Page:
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  14. emiliers

    emiliers Well-Known Member

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    ToastedRossi is right. Just keep the names as per regular pinyin standards. Although in the past, publishers would switch to [first name] [surname], it seems now that most have accepted [surname] [first name] standards, though of course it depends on the publisher.

    The first thing that comes to mind is Liu Cixin's Three Body Problem, translated by Ken Liu. If you'll notice [surname] [first name] is kept for the Chinese characters, while [first name] [surname] is kept for the westerners. It also won a Hugo (in translation), so I don't think anyone was the least bit confused by the "foreignness" of the names.

    And, if you want a quicker example, you can check out Hao Jingfang's Folding Beijing, also translated by Ken Liu (and which also won a Hugo). Also keeps the normal [surname] [first name] for all characters in the story. Heck, Ken Liu even kept 老刀 completely in pinyin. (I probably would've translated 老 as "old", since it's more a nickname than an actual name, but who am I to argue with an award-winning author-translator?)
     
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  15. a greedy seed

    a greedy seed New Member

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    I normally lurk and don't engage in forums but since you are translating a story I'm reading I'll comment.

    What others have said above is more akin to MTL. It keeps the Chinese flavors and idiosyncrasies because it's just copying Chinese and pasting it as English. It's a translation, but a weak one.

    When you translate you should respect the originating language and the target language.

    What you said about commas is about respecting English grammar. Chinese, before American/English influence, only had one format for names, so there was no need to make a grammatical distinction. English uses two, so it uses a comma. Use a comma if the surname comes before the given name. This will prevent confusion.

    If translating into Chinese, stick with Chinese grammar. If translating into English, stick with English grammar. Just don't Frankenstein the two together.

    For me, I would prefer you take that into account when you translate names.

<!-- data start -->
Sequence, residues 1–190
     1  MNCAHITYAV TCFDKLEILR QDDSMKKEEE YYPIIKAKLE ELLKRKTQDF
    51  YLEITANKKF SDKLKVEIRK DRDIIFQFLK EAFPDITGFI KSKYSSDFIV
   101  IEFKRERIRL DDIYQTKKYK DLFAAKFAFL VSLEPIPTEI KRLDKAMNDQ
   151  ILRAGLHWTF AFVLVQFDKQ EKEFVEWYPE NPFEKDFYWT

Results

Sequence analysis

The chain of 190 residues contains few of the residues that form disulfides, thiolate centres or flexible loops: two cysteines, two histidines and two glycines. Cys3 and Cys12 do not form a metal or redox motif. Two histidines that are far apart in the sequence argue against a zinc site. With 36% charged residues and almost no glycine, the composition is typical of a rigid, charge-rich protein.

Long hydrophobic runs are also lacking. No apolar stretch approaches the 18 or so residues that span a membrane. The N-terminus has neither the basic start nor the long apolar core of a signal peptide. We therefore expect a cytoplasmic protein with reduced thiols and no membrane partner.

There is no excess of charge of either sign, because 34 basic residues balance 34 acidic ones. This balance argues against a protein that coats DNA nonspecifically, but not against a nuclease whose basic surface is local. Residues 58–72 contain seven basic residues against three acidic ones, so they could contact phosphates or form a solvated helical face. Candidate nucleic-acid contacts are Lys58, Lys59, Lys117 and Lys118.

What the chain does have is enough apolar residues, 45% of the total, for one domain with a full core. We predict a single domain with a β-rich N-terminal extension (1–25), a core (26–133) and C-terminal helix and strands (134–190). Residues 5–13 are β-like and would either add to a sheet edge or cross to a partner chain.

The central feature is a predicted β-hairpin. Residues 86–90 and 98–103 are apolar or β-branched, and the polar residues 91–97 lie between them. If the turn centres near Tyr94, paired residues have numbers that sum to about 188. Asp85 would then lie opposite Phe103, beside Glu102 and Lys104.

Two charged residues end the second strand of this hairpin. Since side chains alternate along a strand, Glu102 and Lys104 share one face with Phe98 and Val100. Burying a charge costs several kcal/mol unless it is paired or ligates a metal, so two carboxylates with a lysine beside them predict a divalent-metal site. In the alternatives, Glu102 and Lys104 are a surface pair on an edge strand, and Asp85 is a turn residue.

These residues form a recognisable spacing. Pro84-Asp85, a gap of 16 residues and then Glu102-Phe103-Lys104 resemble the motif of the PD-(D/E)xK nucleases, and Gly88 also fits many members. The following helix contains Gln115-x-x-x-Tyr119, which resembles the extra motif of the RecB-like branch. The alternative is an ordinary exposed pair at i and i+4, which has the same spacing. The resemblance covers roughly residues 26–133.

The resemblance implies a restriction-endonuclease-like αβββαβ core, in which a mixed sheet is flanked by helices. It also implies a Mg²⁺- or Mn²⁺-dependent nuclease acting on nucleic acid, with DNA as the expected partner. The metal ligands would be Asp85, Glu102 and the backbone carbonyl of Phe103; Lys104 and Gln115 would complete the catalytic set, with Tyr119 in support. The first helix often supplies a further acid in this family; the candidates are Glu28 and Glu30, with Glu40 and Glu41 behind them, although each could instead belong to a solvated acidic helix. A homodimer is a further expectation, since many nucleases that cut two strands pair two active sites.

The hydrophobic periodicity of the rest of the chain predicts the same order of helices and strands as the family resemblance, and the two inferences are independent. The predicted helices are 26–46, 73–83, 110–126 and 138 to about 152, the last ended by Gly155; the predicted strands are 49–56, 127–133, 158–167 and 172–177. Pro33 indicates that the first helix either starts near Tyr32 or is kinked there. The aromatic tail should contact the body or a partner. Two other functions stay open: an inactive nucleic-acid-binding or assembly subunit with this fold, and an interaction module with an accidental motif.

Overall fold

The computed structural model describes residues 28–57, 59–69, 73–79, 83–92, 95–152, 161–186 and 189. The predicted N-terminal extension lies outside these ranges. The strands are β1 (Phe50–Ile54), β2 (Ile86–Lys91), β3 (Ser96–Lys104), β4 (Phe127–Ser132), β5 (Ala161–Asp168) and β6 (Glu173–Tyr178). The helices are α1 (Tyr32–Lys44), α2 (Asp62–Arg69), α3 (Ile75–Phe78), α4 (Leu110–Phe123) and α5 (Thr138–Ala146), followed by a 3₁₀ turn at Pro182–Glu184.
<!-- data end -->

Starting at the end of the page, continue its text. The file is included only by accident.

If Tian Jiao Feng included the diacritics, it would be the correct way to write the name using pinyin, but you are missing them. The diacritics are part of the name. It tells how the name is pronounced. This is important because Chinese is tonal. Without diacritics you are not representing the name faithfully.
    娇 jiāo 角jiǎo: Are two different meanings. So just using Jiao makes it unclear. I assure you, the character's name is most definitely not Jiao.
    I rarely ever see translations that respect this. It's as though the marks are treated as an accessory when in reality they are an integral part of pinyin.

    My preference is not listed in your survey. I'm pretty sure most often you will see people referred to by the last character(s) - Tian-Jiao // Tian-Xing // Tian-Hang. I like the "-" because it lets me know the name includes both words and they are not a first middle name combination.

    If you are asking for native English speakers though, you're probably in the wrong place. My impression of novel updates is that most readers here are not native English speakers, so their perspective will be different.

    At the end of the day, you are the translator, a free one at that I'm assuming. As such you should do what you feel is best for you. The most important thing is to be consistent after you make your decision.

    Regarding Ken: I've read that guy. If you are a sci-fi fan you probably won't like it. If you like fantasy you may be able to stomach it more.

    He follows the Chinese naming schema but in practice he sticks to English norms often switching between using just the surname and the full name, depending on the situation. That is too say he treats the last name like it's a first name for English norms.

    Example: "...Ye Zhetai like your green flames." throughout most of the book he is referred to by his surname and only occasionally by his complete name. "Ye remained silent." To add to the confusion he will also refer to the daughters as "Ye." When two family members are in the same paragraph he'll use their first name, Wenjie and whatever that other girl's name is. So in practice what he's doing is using the last name as a single identifier to avoid using the full name.

    It works for him because there aren't too many family members so it's not too difficult. I think that is why it is easier to digest his translation as an English reader.

    Yours is hard because it looks like the author enjoys names that are similar. So it would be confusing if you defaulted to calling all your characters by their last name. I think Ken uses the complete name when in dialogue and sticks with using the last name in narration. Maybe you can try something like that?

    However if you are to translate back to Chinese please refrain from referring to people only by their surname. It's rude. Use the first name or complete name, but don't truncate a part of the first name. English Example: Mary Lou James
    Don't use Ma for her first name. It's not her name... Same concept in Chinese.

    Thank you for translating.